At a stream site receiving drainage from most of the Oklahoma part of the mining district, total concentrations of iron, manganese, and zinc significantly decreased from the mid-1980s to the mid-2000s. Natural attenuation and long-term effects of reclamation activities probably are causing gradual decreases in metals concentrations in the aquatic environment of this abandoned mining district, similar to gradual decreases with time of lead and zinc contents in many, but not all of the tree cores.
Data collected from terrestrial and aquatic environments of the mining district in this dissertation indicate that metals concentrations have decreased gradually since cessation of mining ca. 1970. Natural events, such as filling of the mine workings with groundwater and subsequent seepage to local streams starting in 1979, and short-term disturbance and dissemination effects of reclamation activities in the late 1990s through early 2000s temporarily increased metals concentrations in the local environment.
Several different types of reclamation methods can be used to reclaim large metals-contaminated sites such as this mining district. Treatment of groundwater seepage from the mine workings, whether by passive or active systems, is being done at one site in the district to reduce quantities of metals discharging to a local stream. Phytoremediation, particularly with high-value hardwood trees, is likely to reduce erosion of fine tailings particles by wind and water, minimize bioavailability of metals to local wildlife, and improve the local economy by producing high-value agricultural products and forming a potential basis for industries using those materials. Better management of metals-rich fine tailings particles during excavation and transport of the millions of tons of tailings remaining in the mining district would minimize dissemination of fine tailings to the local environment and improve the quality of terrestrial and aquatic environments of the mining district during reclamation activities.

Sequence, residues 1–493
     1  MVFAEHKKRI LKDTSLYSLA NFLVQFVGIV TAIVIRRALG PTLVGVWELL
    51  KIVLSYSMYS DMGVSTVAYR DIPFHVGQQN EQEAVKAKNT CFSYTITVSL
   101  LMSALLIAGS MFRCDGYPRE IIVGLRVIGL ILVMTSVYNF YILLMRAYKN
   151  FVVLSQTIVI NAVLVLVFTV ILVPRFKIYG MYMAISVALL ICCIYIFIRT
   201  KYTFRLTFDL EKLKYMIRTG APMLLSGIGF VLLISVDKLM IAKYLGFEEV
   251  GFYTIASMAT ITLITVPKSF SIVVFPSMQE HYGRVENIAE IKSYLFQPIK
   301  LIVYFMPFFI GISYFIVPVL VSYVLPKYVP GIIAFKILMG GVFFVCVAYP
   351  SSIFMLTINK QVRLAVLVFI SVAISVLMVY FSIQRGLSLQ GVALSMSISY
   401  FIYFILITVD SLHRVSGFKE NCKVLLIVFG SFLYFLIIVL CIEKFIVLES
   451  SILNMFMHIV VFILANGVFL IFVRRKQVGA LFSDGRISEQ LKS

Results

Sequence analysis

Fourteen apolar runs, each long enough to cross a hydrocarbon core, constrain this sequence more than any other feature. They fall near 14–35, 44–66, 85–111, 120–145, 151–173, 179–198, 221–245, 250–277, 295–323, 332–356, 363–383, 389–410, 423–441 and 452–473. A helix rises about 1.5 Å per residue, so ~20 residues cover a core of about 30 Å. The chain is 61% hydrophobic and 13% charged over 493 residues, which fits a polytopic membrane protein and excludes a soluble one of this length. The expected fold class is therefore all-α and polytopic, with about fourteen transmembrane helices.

Monitoring of the media described in this dissertation and other environmental media such as growth rings in freshwater mussel shells from local rivers, age-dated cores from Grand Lake (the downstream recipient of most drainage from the mining district) metals in terrestrial wildlife and livestock, regular periodic water-quality sampling of local streams, and collecting air-quality and atmospheric deposition samples in the mining district would augment knowledge of trends of metals and the short- and long-term effects of natural attenuation and reclamation projects on the recovery of metals-contaminated terrestrial and aquatic systems in the past and the future.
|Advisor:||Nairn, Robert W.|
|Commitee:||Butler, Elizabeth C., Canty, Geoffrey A., Hambright, Karl D., Nanny, Mark A.|
|School:||The University of Oklahoma|
|Department:||School of Civil Engineering and Environmental Science|
|School Location:||United States -- Oklahoma|
|Source:||DAI-B 72/06, Dissertation Abstracts International|
|Keywords:||Metals, Mining, Natural attenuation, Trees, Trends, Water quality|